While there are many reasons you might hope to remove glued-down wood flooring, the process requires careful attention. Because the adhesive is so strong, going about it the wrong way could cause a massive mess and permanent damage to your subfloor. So if you’re wondering how to remove glued-down wood flooring, read on.
You can remove glued-down wood flooring from the subfloor or concrete by cutting the boards into more manageable pieces and pulling each free with a pry bar, chisel, hammer, or scrapers. Afterward, you have the option to either re-use the wood or dispose of the material.
In this article, we’ll show you the steps you need to remove wood floors from either subfloor or concrete without causing damage. We’ll even add a few tips for making your project faster and easier.
Contents (Jump to Topic)
- How to Remove Glued Down Wood Flooring From Subfloor or Concrete
- How to Tell if Your Floor is Glued Down?
- How Hard Is It to Remove Glue on Hardwood Floors?
- How to Loosen Glue on the Subfloor?
- How to Remove Adhesive on a Concrete Floor
- Is Removing Glue from Concrete More Difficult than Subfloor?
- How to Dispose of Old Wood or Engineered Hardwood Flooring
- How to Remove Glued Hardwood Floors without Damage
- When Can You Reinstall New Floors?
How to Remove Glued Down Wood Flooring From Subfloor or Concrete
Whether your wood flooring is worn or you want to update the style, you may need to remove it. Adding another layer of flooring is not always an option. The process can be challenging and labor-intensive, particularly when it’s glued to subfloor or concrete. Use the following steps to help make this project a bit easier.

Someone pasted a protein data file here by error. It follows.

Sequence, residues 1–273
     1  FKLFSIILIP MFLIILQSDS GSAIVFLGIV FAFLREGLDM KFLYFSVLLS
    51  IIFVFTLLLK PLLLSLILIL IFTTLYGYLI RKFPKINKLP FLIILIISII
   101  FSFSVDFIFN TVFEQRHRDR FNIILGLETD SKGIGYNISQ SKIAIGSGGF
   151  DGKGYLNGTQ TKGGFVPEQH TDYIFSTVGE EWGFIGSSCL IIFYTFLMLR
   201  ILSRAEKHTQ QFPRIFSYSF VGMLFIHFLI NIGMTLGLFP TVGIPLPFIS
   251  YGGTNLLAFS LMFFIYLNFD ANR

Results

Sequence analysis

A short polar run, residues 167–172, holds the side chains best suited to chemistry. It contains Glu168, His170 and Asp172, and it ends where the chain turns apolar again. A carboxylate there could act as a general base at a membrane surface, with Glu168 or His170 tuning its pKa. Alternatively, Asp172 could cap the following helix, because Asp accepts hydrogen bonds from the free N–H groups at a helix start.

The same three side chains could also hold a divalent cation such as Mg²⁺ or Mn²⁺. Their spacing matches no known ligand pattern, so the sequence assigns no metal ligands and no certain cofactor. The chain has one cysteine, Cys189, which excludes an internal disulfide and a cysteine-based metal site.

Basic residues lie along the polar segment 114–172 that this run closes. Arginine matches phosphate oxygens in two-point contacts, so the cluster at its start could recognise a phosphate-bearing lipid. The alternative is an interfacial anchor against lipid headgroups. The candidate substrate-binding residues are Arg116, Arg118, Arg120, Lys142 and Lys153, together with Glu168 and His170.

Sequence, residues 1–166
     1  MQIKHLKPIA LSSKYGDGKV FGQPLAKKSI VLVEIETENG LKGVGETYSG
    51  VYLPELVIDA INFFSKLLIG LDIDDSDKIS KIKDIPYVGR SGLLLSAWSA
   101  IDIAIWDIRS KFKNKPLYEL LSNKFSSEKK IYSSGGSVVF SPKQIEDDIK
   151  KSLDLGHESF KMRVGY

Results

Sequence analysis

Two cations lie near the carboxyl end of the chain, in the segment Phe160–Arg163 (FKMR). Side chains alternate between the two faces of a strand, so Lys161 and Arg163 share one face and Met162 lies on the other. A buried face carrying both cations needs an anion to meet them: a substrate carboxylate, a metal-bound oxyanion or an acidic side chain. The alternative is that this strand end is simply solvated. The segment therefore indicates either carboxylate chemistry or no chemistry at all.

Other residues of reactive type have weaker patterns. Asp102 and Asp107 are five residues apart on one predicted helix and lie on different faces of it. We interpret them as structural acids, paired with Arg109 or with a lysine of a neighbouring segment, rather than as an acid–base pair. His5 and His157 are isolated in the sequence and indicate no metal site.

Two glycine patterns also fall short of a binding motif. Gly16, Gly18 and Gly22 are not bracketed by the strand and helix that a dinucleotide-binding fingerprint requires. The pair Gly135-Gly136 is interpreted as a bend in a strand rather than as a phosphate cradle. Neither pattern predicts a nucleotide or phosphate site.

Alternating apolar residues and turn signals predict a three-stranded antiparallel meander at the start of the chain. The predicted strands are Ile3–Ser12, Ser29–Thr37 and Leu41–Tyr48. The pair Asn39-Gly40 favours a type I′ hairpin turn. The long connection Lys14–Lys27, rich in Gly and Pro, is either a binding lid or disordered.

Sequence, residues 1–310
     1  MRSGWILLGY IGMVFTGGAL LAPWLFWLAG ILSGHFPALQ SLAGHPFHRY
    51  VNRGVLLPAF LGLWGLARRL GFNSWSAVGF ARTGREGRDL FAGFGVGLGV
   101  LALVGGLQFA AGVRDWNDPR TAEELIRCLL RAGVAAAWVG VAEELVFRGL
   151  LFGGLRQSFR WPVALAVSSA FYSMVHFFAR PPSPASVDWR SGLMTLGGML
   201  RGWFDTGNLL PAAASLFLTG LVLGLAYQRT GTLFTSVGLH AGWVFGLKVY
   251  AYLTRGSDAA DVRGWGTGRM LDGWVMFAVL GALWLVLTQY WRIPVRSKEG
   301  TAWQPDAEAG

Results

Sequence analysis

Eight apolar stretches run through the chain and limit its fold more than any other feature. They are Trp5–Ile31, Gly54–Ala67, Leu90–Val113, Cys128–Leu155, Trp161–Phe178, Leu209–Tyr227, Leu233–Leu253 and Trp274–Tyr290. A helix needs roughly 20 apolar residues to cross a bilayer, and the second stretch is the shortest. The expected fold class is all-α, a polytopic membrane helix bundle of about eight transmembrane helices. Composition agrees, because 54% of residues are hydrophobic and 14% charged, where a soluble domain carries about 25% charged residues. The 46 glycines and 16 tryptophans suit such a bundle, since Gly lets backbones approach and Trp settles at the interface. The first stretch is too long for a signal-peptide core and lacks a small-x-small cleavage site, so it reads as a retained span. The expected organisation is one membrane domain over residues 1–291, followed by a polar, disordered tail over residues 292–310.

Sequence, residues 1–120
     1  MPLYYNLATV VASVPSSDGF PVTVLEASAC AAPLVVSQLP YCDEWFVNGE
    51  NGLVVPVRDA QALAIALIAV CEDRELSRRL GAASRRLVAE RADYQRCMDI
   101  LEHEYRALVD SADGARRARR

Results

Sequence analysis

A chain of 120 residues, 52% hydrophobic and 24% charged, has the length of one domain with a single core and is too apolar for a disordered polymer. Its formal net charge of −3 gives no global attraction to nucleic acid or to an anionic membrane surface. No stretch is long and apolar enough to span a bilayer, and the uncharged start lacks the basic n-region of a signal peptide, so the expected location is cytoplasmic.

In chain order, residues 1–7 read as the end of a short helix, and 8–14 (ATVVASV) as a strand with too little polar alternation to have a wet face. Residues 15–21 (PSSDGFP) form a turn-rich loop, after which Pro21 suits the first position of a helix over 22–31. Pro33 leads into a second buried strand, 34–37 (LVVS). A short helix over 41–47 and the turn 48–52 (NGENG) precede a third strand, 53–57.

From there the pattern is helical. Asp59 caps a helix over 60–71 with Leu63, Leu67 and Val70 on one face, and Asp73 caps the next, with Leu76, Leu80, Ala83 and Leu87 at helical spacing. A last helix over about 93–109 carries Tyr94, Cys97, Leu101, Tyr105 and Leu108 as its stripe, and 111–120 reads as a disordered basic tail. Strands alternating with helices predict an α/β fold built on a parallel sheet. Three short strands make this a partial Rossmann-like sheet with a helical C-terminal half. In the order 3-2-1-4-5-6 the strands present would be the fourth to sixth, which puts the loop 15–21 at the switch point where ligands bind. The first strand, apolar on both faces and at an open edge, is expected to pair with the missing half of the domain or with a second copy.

Before you get started, collect the following materials:
- Long-handled pry bar
- Putty knife
- Circular saw
- Reciprocating saw
- Protective goggles
- Breathing mask
- Work gloves
- Construction knee pads
- Close-toed shoes
- Painter’s tape (optional)
Step 1: Prepare Your Work Area
Before you begin pulling up your wood floors, prepare your work area. You may need protective goggles and work gloves. Make sure to wear close-toed shoes to protect your feet. Remove any furniture from the site, and place plastic sheeting over anything you cannot move from the area to protect from dust and debris. Cover light fixtures, appliances, and furniture.
Step 2: Measure and Mark the Area
Start by measuring the area you plan to remove. If you only plan to replace a portion of the flooring, you can mark off the location with painter’s tape and complete the project without damaging the rest of the hardwood floor. Doing so clearly points to the portion of the wood that will come up and which will stay.
To mark the floor, place a line of tape on the joint of the hardwood where the edge you remove will meet. You can also make the boundaries where you’ll cut. The tape is also a precaution, as it helps protect the edge of the remaining piece you want to stay on the floor from damage.
Step 3: Cut the Flooring
Unless you have parquet flooring, which comes into small square tiles, you need to cut the flooring to remove it from your space next.
Cut the flooring every two to three inches with a circular saw. The cuts should be perpendicular with the flooring direction and directly next to the line of tape you marked on the floor. It’s best if you set your circular saw blade to the same thickness as your flooring. Avoid cutting into the floor’s tongue, which could damage the piece of the floor you want to stay.
Step 4: Pry Up the Flooring
After the old flooring is cut in small sections, you can pry it up. This step may be more difficult if the flooring is firmly glued down. If you’re working with an engineered hardwood floor that’s nailed-down to a wood subfloor, the process is much easier than prying the boards from the glue.
To remove the flooring, you need elbow grease. You might also need to use a variety of tools to help remove the floor. The most common options include a chisel and hammer for stubborn sections. A long-handled pry bar is ideal for prying the flooring up, and it helps protect your back from pain later.